Slow Food Italy fights fast-food failings
During the Prince of Wales’ recent visit to Italy, Charles told Slow Food founder, Carlo Petrini, that he would gladly sponsor a benefit week for Slow Food producers affected by the deadly and devastating earthquakes in Amatrice last year. Slow Food was founded in 1986, first coming to local prominence when a group of activists protested against the opening of a new McDonalds near the historic Spanish Steps in Rome. The organisation’s objectives are to preserve traditional and regional cuisines from the culinary sector’s increasing industrialisation and demand for fast food. However, in recent years the Italian organisation’s growth has lost momentum, especially in the UK, and a high profile endorsement from a figure such as Prince Charles could galvanise a Slow Food revival.
Charles has spoken out against global food production methods on numerous occasions and has long been an ambassador for a more local model of food production and distribution. The horsemeat scandal in the UK is proof that even the biggest retailers don’t actually know where all of their supplies are coming from. This poses an obvious threat to public health, in addition to showing a gross lack of consideration for the quality of what is being produced. In a world where the aggressive search for cheaper food is driving local producers into the ground and increasing the profits of large-scale food companies, surely organisations such as Slow Food are exactly what are needed to help build a sustainable food production network?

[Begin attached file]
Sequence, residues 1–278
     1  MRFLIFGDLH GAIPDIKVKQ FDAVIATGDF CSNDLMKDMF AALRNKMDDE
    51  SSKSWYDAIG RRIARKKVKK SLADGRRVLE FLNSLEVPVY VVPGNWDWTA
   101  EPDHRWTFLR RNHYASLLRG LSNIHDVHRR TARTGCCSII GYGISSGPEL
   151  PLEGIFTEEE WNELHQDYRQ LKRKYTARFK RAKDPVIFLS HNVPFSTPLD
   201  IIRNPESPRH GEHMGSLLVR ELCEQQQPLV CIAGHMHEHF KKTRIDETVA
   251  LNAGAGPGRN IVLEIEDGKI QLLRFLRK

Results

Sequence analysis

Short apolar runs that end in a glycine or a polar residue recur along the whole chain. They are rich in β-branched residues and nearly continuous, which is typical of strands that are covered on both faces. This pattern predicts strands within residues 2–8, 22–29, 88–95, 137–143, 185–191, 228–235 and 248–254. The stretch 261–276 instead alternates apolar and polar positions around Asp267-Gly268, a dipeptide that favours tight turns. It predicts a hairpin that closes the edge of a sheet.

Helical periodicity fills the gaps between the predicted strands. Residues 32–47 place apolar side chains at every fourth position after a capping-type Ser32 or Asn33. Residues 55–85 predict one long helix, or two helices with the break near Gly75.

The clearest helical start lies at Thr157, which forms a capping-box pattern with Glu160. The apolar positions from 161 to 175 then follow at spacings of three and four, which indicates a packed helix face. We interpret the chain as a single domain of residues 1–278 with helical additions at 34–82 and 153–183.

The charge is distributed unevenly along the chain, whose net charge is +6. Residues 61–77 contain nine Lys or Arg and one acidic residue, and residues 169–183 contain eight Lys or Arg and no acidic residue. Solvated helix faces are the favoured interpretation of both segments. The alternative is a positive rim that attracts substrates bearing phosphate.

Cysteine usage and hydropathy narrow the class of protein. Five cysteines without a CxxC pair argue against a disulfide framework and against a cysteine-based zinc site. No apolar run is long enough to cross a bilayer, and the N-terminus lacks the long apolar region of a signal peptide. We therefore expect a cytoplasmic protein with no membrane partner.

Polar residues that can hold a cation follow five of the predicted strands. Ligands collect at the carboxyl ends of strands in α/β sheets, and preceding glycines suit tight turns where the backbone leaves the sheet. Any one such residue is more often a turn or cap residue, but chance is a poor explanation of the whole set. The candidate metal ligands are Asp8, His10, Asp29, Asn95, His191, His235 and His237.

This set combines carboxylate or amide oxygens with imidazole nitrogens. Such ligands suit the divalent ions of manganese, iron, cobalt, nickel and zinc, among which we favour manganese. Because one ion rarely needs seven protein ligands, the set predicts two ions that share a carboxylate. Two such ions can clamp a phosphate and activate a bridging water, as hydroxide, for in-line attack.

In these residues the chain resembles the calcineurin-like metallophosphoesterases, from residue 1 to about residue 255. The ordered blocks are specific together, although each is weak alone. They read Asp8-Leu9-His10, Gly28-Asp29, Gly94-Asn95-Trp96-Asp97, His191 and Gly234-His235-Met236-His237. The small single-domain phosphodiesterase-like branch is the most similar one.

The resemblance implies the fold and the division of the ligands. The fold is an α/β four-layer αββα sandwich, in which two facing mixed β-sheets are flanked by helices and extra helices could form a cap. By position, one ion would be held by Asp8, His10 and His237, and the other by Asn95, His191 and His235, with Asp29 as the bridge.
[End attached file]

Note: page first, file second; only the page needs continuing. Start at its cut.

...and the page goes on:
Statistics from the Food and Agriculture Organisation at the United Nations estimate that we are only producing enough food to supply the world’s growing population until 2050. On top of that, 1.3 billion tonnes of food fit for human consumption is thrown away each year, largely due to the supermarket’s increasingly high aesthetic requirements and simply because the industry is overproducing in certain areas. A more local, regulated food distribution system would help reduce those staggering food waste statistics, in addition to preserving local cuisines.
The latter point is especially pertinent to the regionalism of Italian food and wine production, and food laws passed last year by former PM Matteo Renzi, shows why it is unsurprising that the founder of Slow Food is an Italian. The laws make it easier for shops and restaurants to give excess food away to charitable causes, as well as being able to donate food that is passed its sell-by date, without risking sanctions for health and safety violations. Undoubtedly, these laws are a step in the right direction, and the number of sandwich shops and restaurants that promote Slow Food in Italy is testament to the mindset of the Italian population with respect to the culture of food.
However, this mindset is unfortunately not shared by all. The modern consumer is becoming increasingly impatient and time-pressured, generally valuing convenience over sustainability, price over quality. Prince Charles believes that global fast-food production is extremely expensive and the only reason the prices appear cheap in the shops is because the costs are falling somewhere else, or are being stored up for the future. The greatest challenge Slow Food now faces is encouraging people to consider the long-term future of fast-food culture and the methods in which the food is being distributed to the consumer. The movement has caught the imagination of over 100,000 international members but it will require further support if it is to turn the tide on the current consumerist culture.